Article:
Drifting away from issues of categorization and definition, Black Grail's Mysticismo Regresivo is quite creative and unique. There are a lot of original segments, ideas, and riffs across the release. The spoken intros are interesting in that they aren't "spooky" or "demonic." Instead, they are simply spoken, seemingly, as anyone would speak to another and so, ironically, in a more accurate ritualistic sense then is often touted or produced in black metal releases. The release is heavily atonal and melodically taxing from the outset of "Dialogo Entre..."; a lack of normality in this regard makes mental recreation and recall difficult. Memorability is a factor. Where atonality has often existed in extreme metal, it is often utilized in the way adverbs are used to describe verbs. Black Grail use atonality as the actual verbs; the actual moving and doing component of their music is atonal. Some of the more structurally off putting pure riffs appear in "Plegaria Catartica." 

When we talk about about structure in metal, the majority of bands utilize the same overall approaches. Verse-Chorus is still highly prevalent but we also see linear/narrative structures becoming more prominent in extreme and hybrid genres. Black Grail fall into that later format, yet twist it into something new. Using markers to signal the audience - in Black Grail's case a bell between songs - links everything together into a single narrative and yet also signals separation between each track. 1349 did something similar on Hellfire and Acheron has done this on numerous albums similarly where each track was prefaced with cues to both link and separate. This formatting rarity usually falls flat, as it breaks up the pacing of an album too often. In the case of Mysticismo Regresivo the pacing is non-existent from the outset and so the bell, i.e. cue, can be appreciated as meaningful and not be regarded as a hindrance.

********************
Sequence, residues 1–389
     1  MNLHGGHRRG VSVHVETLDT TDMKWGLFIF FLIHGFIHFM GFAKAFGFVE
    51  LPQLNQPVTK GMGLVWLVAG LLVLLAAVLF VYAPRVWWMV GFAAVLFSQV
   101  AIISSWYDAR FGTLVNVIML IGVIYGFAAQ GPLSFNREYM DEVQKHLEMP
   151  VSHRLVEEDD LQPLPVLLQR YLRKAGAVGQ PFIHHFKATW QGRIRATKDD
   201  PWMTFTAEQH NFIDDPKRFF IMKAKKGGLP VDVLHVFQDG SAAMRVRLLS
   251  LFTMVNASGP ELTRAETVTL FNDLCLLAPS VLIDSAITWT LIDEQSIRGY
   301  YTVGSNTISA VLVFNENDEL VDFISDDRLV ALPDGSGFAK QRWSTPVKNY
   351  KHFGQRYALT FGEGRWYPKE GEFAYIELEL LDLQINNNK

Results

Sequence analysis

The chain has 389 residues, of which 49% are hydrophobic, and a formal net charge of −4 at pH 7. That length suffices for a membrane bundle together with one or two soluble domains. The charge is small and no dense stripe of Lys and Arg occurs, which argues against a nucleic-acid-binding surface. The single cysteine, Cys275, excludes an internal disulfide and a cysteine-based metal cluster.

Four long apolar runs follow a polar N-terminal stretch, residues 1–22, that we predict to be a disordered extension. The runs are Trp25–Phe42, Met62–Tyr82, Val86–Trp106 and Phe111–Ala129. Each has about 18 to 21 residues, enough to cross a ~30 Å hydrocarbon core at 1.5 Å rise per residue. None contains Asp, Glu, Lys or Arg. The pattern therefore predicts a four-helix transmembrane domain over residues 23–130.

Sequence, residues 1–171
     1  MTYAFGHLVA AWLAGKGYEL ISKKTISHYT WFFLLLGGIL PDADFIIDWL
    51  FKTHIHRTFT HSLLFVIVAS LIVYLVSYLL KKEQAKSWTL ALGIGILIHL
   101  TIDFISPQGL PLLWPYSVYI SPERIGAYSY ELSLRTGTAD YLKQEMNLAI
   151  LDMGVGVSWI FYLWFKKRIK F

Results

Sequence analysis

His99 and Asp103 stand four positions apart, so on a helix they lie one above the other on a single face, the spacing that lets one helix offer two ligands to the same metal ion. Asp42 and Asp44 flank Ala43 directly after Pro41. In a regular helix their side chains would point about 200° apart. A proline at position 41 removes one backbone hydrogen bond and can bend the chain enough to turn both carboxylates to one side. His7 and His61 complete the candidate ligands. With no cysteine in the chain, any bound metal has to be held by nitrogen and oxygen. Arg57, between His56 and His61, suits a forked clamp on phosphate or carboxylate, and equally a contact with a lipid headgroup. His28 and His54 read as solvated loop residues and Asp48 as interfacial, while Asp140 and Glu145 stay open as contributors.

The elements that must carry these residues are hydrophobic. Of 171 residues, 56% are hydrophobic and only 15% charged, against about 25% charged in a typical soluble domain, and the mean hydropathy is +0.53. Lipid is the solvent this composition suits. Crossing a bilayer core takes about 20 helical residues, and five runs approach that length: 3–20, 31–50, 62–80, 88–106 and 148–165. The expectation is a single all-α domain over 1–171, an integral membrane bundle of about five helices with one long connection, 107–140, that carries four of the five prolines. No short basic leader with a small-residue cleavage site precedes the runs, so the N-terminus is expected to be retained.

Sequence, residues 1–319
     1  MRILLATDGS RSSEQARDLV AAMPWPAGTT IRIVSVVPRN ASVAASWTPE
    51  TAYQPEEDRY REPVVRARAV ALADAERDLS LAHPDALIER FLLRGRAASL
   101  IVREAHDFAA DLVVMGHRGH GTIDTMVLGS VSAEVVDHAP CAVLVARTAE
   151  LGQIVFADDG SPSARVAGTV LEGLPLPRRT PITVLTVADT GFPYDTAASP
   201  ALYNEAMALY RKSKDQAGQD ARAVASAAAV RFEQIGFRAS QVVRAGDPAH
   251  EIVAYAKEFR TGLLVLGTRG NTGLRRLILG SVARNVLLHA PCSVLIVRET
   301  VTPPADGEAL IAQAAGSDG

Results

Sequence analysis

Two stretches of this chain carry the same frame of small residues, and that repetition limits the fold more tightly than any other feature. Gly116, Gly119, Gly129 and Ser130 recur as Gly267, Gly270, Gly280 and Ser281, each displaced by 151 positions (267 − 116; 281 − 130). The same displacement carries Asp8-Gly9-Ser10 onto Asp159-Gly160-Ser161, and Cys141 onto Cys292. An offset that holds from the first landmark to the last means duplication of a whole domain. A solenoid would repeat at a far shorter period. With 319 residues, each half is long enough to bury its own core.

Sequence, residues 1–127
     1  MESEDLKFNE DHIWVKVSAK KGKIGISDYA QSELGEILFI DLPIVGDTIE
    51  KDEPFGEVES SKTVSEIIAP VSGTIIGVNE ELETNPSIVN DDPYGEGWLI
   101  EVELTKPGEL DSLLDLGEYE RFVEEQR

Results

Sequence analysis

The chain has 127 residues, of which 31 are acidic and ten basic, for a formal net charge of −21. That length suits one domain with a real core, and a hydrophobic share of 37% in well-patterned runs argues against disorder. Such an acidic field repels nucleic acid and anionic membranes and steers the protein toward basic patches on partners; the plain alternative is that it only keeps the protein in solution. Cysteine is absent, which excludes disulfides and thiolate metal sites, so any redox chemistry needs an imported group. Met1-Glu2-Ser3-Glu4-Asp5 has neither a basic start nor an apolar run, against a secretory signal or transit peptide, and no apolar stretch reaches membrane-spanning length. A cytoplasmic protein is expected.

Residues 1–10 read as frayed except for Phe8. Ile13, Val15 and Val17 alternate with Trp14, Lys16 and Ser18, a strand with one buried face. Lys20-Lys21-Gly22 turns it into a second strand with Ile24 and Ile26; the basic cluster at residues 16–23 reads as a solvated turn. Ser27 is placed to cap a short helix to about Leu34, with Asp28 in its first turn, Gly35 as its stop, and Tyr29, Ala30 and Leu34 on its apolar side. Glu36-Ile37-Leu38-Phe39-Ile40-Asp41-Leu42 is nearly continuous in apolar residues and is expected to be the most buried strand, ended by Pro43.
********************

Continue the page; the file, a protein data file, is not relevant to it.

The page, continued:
The promotion for the album promises "a philosophic-spiritual perspective that you should discover." Maybe that's what we are being given as we question numerous components of the whole. Unsure exactly where to place the band or how to approach their bizarre creation forces the listener to openly question categorization as a method overall. My version of the release was a tape sent to me by Divergent, who also sent me the Rid tape - another bizarrity, as I like to call these 'fit nowhere' releases - a while back and I'm thankful that he did because I will likely be coming back to this tape as reference for other material in the future. It's a singularly unique offering that presses the listener to look for abstract explanations for the irregularities that we occasionally find within the metal genres. While definitely not for everyone, I can envision the appeal to veteran explorers in the genre.